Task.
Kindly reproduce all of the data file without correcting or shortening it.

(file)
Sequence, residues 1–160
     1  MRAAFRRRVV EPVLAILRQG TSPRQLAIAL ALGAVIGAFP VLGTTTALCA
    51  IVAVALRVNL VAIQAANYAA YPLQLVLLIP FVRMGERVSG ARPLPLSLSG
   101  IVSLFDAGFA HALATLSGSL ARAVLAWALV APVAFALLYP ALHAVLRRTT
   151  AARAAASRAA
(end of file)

Sequence, residues 1–160
     1  MRAAFRRRVV EPVLAILRQG TSPRQLAIAL ALGAVIGAFP VLGTTTALCA
    51  IVAVALRVNL VAIQAANYAA YPLQLVLLIP FVRMGERVSG ARPLPLSLSG
   101  IVSLFDAGFA HALATLSGSL ARAVLAWALV APVAFALLYP ALHAVLRRTT
   151  AARAAASRAA